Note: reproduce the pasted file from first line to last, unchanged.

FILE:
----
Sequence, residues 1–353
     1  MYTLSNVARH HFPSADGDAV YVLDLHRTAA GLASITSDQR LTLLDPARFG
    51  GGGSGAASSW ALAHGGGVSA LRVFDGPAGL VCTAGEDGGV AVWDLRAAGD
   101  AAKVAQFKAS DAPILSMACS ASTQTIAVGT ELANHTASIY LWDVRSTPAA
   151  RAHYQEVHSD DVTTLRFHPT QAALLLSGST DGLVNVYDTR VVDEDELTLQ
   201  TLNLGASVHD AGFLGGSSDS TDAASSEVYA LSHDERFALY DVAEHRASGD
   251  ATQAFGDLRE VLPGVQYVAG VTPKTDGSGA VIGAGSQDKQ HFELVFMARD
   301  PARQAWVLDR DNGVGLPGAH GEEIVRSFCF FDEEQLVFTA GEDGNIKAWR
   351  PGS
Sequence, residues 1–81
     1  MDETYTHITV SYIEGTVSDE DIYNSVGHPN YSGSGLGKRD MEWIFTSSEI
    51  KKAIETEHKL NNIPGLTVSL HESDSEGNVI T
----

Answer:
Sequence, residues 1–353
     1  MYTLSNVARH HFPSADGDAV YVLDLHRTAA GLASITSDQR LTLLDPARFG
    51  GGGSGAASSW ALAHGGGVSA LRVFDGPAGL VCTAGEDGGV AVWDLRAAGD
   101  AAKVAQFKAS DAPILSMACS ASTQTIAVGT ELANHTASIY LWDVRSTPAA
   151  RAHYQEVHSD DVTTLRFHPT QAALLLSGST DGLVNVYDTR VVDEDELTLQ
   201  TLNLGASVHD AGFLGGSSDS TDAASSEVYA LSHDERFALY DVAEHRASGD
   251  ATQAFGDLRE VLPGVQYVAG VTPKTDGSGA VIGAGSQDKQ HFELVFMARD
   301  PARQAWVLDR DNGVGLPGAH GEEIVRSFCF FDEEQLVFTA GEDGNIKAWR
   351  PGS
Sequence, residues 1–81
     1  MDETYTHITV SYIEGTVSDE DIYNSVGHPN YSGSGLGKRD MEWIFTSSEI
    51  KKAIETEHKL NNIPGLTVSL HESDSEGNVI T